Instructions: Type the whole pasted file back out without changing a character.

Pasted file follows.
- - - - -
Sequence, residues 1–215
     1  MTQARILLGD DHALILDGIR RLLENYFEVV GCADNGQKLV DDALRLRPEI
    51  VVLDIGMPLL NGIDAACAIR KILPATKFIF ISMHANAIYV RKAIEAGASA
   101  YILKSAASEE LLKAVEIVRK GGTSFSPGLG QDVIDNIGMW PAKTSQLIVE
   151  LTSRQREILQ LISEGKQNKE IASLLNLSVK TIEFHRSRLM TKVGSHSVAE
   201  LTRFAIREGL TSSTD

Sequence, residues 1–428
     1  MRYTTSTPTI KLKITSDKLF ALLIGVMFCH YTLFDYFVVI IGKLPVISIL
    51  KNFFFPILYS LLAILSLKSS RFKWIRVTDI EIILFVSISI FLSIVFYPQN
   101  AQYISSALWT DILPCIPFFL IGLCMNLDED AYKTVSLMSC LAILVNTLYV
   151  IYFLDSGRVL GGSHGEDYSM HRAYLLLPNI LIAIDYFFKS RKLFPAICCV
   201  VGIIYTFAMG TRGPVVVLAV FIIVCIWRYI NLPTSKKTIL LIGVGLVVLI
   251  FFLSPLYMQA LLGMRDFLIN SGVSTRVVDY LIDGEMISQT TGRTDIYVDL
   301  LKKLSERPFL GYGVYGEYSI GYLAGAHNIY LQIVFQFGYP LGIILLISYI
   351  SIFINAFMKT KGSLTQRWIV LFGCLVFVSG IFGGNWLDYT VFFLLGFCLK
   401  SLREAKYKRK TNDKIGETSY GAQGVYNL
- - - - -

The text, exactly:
Sequence, residues 1–215
     1  MTQARILLGD DHALILDGIR RLLENYFEVV GCADNGQKLV DDALRLRPEI
    51  VVLDIGMPLL NGIDAACAIR KILPATKFIF ISMHANAIYV RKAIEAGASA
   101  YILKSAASEE LLKAVEIVRK GGTSFSPGLG QDVIDNIGMW PAKTSQLIVE
   151  LTSRQREILQ LISEGKQNKE IASLLNLSVK TIEFHRSRLM TKVGSHSVAE
   201  LTRFAIREGL TSSTD

Sequence, residues 1–428
     1  MRYTTSTPTI KLKITSDKLF ALLIGVMFCH YTLFDYFVVI IGKLPVISIL
    51  KNFFFPILYS LLAILSLKSS RFKWIRVTDI EIILFVSISI FLSIVFYPQN
   101  AQYISSALWT DILPCIPFFL IGLCMNLDED AYKTVSLMSC LAILVNTLYV
   151  IYFLDSGRVL GGSHGEDYSM HRAYLLLPNI LIAIDYFFKS RKLFPAICCV
   201  VGIIYTFAMG TRGPVVVLAV FIIVCIWRYI NLPTSKKTIL LIGVGLVVLI
   251  FFLSPLYMQA LLGMRDFLIN SGVSTRVVDY LIDGEMISQT TGRTDIYVDL
   301  LKKLSERPFL GYGVYGEYSI GYLAGAHNIY LQIVFQFGYP LGIILLISYI
   351  SIFINAFMKT KGSLTQRWIV LFGCLVFVSG IFGGNWLDYT VFFLLGFCLK
   401  SLREAKYKRK TNDKIGETSY GAQGVYNL